: Most Toyota "unintended acceleration" cases were driver error
The U.S. Department of Transportation has analyzed dozens of data recorders from Toyota Motor Corp. vehicles involved in accidents blamed on sudden acceleration and found that at the time of the crashes, throttles were wide open and the brakes were not engaged, people familiar with the findings said.
The results suggest that some drivers who said their Toyota and Lexus vehicles surged out of control were mistakenly flooring the accelerator when they intended to jam on the brakes. But the findings donít exonerate Toyota from two known issues blamed for sudden acceleration in its vehicles: sticky accelerator pedals and floor mats that can trap accelerator pedals to the floor...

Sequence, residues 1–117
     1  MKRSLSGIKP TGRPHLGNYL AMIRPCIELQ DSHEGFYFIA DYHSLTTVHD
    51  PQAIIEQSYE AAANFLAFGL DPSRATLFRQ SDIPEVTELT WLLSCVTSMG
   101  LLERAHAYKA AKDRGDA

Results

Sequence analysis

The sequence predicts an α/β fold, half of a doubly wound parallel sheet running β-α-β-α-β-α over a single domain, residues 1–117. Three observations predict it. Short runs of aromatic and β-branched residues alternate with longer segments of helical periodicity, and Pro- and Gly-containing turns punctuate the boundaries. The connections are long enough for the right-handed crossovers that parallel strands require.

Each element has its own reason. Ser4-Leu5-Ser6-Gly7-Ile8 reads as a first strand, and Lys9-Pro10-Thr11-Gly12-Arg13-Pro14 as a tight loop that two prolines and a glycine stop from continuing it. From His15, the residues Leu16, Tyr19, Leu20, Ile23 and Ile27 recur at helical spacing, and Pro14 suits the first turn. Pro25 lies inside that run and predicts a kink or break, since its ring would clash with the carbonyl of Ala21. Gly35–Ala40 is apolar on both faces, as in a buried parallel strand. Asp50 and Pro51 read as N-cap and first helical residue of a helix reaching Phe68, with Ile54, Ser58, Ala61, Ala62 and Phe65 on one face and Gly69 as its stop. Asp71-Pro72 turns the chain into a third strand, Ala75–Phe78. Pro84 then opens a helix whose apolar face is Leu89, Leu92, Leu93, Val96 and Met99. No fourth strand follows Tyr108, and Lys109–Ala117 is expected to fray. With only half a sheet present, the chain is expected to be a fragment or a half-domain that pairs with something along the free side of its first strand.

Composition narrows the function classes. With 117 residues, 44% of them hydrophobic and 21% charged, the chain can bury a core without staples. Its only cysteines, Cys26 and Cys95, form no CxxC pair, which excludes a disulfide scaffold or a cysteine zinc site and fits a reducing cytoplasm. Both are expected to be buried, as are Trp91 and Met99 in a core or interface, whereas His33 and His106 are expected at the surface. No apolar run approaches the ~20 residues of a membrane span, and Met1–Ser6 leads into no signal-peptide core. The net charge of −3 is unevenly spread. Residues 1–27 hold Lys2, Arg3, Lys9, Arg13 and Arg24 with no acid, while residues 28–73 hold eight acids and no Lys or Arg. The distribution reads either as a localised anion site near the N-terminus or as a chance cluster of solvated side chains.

...NHTSA has received more than 3,000 complaints of sudden acceleration in Toyotas, including some dating to early last decade, according to a report the agency compiled in March. The incidents include 75 fatal crashes involving 93 deaths.
However, NHTSA has been able to verify only one of those fatal crashes was caused by a problem with the vehicle, according to information the agency provided to the National Academy of Sciences. That accident last Aug. 28, which killed a California highway patrolman and three passengers in a Lexus, was traced to a floor mat that trapped the gas pedal in the depressed position.
In what could turn into a repeat of the infamous Audi 5000 case more than two decades ago, driver error, not the vehicle, appears to be the cause of a number of Toyota unintended acceleration cases.